Thursday,
November 22, 1917

A day full of sorrow for Edray.
When Greenbrier’s hell-hounds came forth,
To war on the tribesmen up this way, and seek to take spoil from the north;
And when they engaged us in battle,
We could no more hold them, than– well–
Than a girl could stop stampeded cattle,
By waving a red umbrella.
– – –
The witness will take the stand:
Q. Have you been sworn?
A. No, but swearing.
Q. Did you see the attack on this young man from Lewisburg on his recent visit to Marlinton?
A. I did.
Q. Where were you standing?
A. Just back of some goal posts and between the eighth and ninth hole in the golf course.
Q. Where did the attack take place?
A. About two hundred feet from me near a hazard but inside the lines and close to the ten yard line.
Q. Please describe the encounter as you saw it.
A. I had been paying particular attention to the stranger. He seemed to be the ring leader of that bunch here that day. I did not know what his name was, but we all called him Caesar, because he was the best seizer and bringer down of any of them. He seemed to me to be as strong as an ox, and as active as a cat, and as slippery as an eel. They were playing a kind of a game that looked to me something like the old game that they called bull-in-the-ring.
At the time of this here trouble, Caesar was a going away from me, and I saw these two Marlinton men make a break for him. I called them Cassius and Brutus, because one of them was from Cass, and the other was such an active brute.
Caesar was running at the rate of a mile a minute. Cassius come up to the side of him and tried to flag him. I couldn’t hear what was said. Cassius then laid hands on him and it looked to me like a man trying to stop one of those railroad snowplows. The stranger kinder brushed him to one side and was about to go on. This here Brutus was about twenty feet from him as near as I could judge, and he made one big jump and landed on the stranger’s shoulders and they fell to the ground. You can go down there now and see where they made a dent in the sod. Some neighbor hollered “Down!” The neighbor never said nothing, but got up, and kept on acting like a wild man.
Q. What county did this occur in?
A. Excuse these tears – in Pocahontas county.
Cross Examination:
Q. Did the stranger have anything in his hands?
A. Yes.
Q. What was it?
A. It looked to me to be a dark colored object about the size of a small watermelon, or as big as a large muskmelon – about the size of a mule egg, I would say.
Q. Who did it belong to, and what was he trying to do with it?
A. It belonged to the Marlinton men, and the stranger was trying to carry it home.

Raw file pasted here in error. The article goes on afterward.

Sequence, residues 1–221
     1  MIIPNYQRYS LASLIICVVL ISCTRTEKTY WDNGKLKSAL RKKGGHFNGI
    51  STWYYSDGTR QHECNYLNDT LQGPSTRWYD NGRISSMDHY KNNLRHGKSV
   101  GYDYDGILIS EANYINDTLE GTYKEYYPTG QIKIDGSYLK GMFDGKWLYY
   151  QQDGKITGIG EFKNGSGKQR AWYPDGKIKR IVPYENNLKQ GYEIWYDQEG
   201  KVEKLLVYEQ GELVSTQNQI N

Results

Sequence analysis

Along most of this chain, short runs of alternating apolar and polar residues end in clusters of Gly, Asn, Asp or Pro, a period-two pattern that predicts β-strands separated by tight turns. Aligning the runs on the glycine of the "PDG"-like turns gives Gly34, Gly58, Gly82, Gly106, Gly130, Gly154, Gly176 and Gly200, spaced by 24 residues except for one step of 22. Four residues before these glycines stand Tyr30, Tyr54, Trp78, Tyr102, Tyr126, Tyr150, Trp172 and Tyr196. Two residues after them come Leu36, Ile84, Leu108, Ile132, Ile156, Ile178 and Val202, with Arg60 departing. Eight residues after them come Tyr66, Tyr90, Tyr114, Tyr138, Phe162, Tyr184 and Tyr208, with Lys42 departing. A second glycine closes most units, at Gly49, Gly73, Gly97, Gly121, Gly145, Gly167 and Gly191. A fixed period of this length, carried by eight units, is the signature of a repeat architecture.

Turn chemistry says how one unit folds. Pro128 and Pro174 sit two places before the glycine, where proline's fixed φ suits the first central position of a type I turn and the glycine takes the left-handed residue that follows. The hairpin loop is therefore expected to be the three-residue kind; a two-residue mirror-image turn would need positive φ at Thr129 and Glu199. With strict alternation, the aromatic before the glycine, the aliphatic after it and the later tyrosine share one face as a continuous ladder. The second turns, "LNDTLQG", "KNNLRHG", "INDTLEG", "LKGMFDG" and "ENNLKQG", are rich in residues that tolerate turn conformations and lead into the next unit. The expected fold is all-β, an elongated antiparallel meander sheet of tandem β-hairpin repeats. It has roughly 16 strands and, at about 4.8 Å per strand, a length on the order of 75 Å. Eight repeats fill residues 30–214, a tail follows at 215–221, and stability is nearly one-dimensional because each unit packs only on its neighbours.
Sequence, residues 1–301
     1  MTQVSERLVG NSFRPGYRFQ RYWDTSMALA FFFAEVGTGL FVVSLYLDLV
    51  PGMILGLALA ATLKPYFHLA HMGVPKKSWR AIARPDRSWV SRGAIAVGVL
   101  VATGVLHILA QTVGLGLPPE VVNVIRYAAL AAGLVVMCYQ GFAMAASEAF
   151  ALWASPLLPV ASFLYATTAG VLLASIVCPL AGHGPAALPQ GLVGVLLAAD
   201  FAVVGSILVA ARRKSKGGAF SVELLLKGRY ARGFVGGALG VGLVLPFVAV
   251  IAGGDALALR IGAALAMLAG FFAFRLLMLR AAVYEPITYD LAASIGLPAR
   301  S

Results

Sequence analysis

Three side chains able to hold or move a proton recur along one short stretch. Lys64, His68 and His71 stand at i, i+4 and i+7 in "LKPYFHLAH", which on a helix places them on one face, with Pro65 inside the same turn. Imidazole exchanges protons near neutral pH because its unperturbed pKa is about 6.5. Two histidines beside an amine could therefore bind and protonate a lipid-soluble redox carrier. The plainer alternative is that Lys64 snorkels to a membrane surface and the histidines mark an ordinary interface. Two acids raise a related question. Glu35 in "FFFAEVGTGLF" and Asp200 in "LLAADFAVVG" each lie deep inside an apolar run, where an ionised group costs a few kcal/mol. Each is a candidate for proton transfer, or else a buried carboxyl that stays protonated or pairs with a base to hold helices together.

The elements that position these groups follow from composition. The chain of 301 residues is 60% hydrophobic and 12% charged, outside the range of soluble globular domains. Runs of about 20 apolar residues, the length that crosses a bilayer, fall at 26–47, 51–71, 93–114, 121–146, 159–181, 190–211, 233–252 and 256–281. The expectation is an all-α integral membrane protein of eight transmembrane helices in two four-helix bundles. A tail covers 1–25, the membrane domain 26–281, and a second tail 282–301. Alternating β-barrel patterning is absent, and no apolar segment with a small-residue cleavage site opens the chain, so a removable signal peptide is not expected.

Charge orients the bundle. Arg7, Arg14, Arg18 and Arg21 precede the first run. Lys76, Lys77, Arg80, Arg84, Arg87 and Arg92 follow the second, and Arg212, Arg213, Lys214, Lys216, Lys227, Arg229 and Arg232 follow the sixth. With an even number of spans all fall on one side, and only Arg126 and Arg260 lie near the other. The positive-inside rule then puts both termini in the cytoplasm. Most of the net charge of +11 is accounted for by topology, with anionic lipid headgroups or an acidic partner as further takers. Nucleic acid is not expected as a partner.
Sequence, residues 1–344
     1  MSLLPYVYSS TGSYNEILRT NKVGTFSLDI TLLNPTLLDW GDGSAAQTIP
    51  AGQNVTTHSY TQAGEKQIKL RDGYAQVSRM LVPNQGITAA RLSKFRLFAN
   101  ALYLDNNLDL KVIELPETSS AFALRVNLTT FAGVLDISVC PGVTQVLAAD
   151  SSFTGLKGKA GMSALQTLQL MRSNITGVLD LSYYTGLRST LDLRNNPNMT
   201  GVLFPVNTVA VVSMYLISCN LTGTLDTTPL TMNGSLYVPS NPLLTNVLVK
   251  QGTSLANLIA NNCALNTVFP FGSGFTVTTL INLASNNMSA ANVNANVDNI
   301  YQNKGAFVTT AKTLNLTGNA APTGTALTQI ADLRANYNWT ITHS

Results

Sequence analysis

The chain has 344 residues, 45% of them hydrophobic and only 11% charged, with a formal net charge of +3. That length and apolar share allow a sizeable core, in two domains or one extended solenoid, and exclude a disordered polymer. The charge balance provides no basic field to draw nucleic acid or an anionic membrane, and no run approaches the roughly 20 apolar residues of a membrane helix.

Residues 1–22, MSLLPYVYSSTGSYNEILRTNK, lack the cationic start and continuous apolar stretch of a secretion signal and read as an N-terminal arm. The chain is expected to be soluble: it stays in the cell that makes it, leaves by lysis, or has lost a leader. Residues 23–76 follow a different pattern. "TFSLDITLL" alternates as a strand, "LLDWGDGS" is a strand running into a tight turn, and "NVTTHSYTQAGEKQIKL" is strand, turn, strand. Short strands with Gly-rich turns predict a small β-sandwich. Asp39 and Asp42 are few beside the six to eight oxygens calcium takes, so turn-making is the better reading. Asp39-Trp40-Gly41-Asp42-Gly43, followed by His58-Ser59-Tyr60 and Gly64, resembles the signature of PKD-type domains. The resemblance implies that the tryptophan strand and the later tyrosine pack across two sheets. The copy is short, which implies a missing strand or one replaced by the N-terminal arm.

Q. Did Brutus and Cassius use anymore force or violence against Caesar than was necessary?
A. They did not. Not near enough. If they had laid him out when they had the chance, they might have won the game.
Q. You are the witness for the prosecution, but I am going to ask you as between man and man. Did the stranger get anything more than was coming to him, and was not the attack on him justified?
A. The attack was justified. The way I was feeling at that time, I would not have cared if they had broken him in two, and I thought for a minute that they had.

– – –

The event of the week was the spectacular football game staged at this place between Marlinton and Lewisburg. The sun shone bright on fair women and brave men, and all was as merry as a funeral bell. That night the town was in darkness and we sat in sack-coats and poured ashes on our heads. The engine at the light plant refused to function, and a locomotive in the yards developed a knock that echoed from the hills. The occasion was the ignominious defeat that was administered to the home team. We are so far off side, that it is hard for our team composed of super men to get into the circuit and enjoy the game of football in fast company. But the G. P. S. finally took a day off and came here and gave us a trimming… 45 -7

– – –

The lumber concern of F. S. Wise & Sons which has just about sawed out, sold its land, plant, railroad, railroad bridge, buildings and other equipment to A. D. Neill by deed recorded this week. Mr. Neill owns several thousand acres of timber adjoining this tract in the Clover Lick and Dunmore territory and will operate at this plant. This insures continued prosperity to the town of Clover Lick.

– – –

Fire destroyed the dry kiln at W. J. Killingsworth’s planing mill at Marlinton last Friday. The house and about ten thousand feet of fine lumber was destroyed. The prompt response of the fire company saved adjoining buildings. It is supposed to have caught from a spark from the engine as there was no fire in the kiln.